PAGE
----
Now, onto the future and local aspects of the AAF. Expansion football leagues typically do not last long. Just ask the P.O.T.U.S. and his USFL. But if the AAF could last long enough, it could become a true NFL minor league and stay in business for years to come like minor league baseball. For that to happen, the AAF will need to expand teams ever year until they have at least 16 teams. If the league adds two team for the next four years they would have the number they need. Then, NFL franchises would share an AAF team. The rules for this addition of a shared minor league team would probably be that both teams had to agree on all coaches. They would also have to be teams that are close to each other but not in the same divisions. For example, the Colts could share with the Bengals and the Steelers could share with the Eagles. This, however, would not last forever. Eventually the young league will add 16 more teams so it has 32 just like the NFL, with each team having one AAF team.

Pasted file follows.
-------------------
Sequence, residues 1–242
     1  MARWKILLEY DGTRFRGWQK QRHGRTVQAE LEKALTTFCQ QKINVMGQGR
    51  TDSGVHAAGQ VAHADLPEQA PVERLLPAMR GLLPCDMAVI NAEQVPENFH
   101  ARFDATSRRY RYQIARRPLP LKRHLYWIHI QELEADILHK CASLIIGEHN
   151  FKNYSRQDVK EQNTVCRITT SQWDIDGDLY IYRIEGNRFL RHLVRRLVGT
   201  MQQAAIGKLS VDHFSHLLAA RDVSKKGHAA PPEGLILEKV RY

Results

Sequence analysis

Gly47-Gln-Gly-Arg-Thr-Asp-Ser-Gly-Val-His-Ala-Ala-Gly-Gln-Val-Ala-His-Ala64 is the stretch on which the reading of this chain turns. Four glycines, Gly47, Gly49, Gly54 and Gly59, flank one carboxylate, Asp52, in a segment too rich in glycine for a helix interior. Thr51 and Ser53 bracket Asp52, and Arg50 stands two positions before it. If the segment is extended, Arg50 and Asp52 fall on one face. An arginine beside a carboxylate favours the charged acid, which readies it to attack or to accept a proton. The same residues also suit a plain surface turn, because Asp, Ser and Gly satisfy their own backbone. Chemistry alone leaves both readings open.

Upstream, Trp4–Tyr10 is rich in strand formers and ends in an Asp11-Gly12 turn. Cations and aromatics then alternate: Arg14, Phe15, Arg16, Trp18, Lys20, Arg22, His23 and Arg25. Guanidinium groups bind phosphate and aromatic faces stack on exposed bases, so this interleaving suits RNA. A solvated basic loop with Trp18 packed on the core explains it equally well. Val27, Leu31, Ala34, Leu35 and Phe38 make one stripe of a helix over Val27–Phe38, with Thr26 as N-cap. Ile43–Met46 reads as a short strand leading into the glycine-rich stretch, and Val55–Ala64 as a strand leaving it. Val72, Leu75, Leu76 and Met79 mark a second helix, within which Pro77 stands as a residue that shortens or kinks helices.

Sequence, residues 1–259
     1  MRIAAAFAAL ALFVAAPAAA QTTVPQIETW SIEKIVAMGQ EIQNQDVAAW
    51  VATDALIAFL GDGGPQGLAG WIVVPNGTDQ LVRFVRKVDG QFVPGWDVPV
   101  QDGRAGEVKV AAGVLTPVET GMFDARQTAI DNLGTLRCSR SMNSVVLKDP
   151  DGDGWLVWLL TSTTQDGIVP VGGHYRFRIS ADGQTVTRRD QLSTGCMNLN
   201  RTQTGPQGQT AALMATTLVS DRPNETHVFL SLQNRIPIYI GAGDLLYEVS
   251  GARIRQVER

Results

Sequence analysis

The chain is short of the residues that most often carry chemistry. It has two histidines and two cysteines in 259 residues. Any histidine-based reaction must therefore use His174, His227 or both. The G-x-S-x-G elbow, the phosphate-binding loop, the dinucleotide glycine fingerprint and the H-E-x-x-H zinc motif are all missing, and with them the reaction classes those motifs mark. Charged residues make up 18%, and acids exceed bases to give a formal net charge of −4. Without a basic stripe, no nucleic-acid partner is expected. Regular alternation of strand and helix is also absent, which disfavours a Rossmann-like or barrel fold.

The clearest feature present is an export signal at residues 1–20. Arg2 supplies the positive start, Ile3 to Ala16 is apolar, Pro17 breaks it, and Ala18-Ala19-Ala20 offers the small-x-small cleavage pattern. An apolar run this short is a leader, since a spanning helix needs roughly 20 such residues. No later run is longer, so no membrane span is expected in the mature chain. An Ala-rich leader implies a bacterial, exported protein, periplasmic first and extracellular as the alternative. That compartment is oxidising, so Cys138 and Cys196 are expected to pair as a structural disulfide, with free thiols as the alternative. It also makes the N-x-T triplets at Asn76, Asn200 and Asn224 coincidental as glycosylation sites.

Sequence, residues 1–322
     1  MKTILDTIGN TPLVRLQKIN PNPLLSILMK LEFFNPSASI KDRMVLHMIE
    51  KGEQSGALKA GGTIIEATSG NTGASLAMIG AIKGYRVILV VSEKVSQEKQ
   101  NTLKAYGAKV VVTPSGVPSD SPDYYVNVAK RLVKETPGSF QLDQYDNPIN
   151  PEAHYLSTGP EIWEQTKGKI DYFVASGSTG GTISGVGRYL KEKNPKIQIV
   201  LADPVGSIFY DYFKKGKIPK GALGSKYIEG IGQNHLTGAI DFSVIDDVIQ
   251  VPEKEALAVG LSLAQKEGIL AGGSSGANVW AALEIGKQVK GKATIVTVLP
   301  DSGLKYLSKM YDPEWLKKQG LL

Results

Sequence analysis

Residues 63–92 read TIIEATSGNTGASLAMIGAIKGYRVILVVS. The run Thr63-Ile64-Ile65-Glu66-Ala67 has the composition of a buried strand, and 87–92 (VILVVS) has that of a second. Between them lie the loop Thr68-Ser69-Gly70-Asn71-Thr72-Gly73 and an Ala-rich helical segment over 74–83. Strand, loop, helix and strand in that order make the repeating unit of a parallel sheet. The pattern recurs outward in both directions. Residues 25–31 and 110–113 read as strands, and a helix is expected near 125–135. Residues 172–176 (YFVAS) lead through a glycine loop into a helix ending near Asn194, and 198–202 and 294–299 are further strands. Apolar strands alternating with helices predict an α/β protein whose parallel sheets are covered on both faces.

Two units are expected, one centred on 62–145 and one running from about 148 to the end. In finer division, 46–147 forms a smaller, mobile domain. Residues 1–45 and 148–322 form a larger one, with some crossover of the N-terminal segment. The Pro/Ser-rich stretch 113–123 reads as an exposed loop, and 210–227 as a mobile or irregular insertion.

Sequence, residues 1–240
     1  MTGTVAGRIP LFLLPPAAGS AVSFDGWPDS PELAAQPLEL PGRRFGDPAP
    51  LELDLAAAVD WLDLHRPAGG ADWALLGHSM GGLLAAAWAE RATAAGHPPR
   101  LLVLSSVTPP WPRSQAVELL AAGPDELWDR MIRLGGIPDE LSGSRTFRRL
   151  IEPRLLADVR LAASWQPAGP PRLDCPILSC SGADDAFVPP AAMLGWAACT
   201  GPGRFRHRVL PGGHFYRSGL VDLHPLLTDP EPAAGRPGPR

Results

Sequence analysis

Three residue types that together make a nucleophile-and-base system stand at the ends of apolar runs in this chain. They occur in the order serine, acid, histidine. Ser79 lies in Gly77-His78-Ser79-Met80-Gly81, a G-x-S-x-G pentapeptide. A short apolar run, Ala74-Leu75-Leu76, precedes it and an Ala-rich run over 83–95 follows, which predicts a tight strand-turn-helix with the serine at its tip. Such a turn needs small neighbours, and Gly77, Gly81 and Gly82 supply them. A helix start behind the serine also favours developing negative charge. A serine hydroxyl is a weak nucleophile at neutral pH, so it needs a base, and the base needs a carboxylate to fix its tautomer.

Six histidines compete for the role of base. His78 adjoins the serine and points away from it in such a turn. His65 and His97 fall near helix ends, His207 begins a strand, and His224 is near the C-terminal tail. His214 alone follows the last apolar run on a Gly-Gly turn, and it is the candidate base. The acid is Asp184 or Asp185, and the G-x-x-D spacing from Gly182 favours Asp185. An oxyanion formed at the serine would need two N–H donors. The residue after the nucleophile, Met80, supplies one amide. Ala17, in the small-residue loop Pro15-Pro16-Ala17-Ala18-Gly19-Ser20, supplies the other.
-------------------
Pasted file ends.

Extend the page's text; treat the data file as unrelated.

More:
As the AAF expands, they should look to moving in Louisville at either Cardinal Stadium, the better of the two options, or Louisville Slugger Field, like Louisville FC has been doing. Louisville is a perfect expansion city because it has already shown that it can support minor league teams. Louisville City FC had the third highest attendance average in 2017. If Louisville fans will support a soccer team so enthusiastically, a football team should fit right in.

I also already have team name ideas, including the Louisville Thoroughbreds (Churchill Downs), Louisville Scandalmakers (U of L currently), and the Louisville Greatest (Muhammad Ali).

Plus, there are already five Power-Five conference teams (Notre Dame, Purdue, Louisville, Kentucky, and Indiana) in Indiana and Kentucky. Those schools are going to produce some AAF players over the next 10 years so fans will go to watch the players they liked watching in college because of the Regional Draft.

Non-NFL football leagues have not been very successful. The AAF is the most recent attempt and hopefully it will be the first true football league to stick it out and merge with the NFL into a minor league for the NFL. If it does merge like the American Football League did 1969, it will be around for the long hall and a major part of America’s athletic future.


Monster Jam 2015 kicks off at Louisville’s Freedom Hall

By Analise Book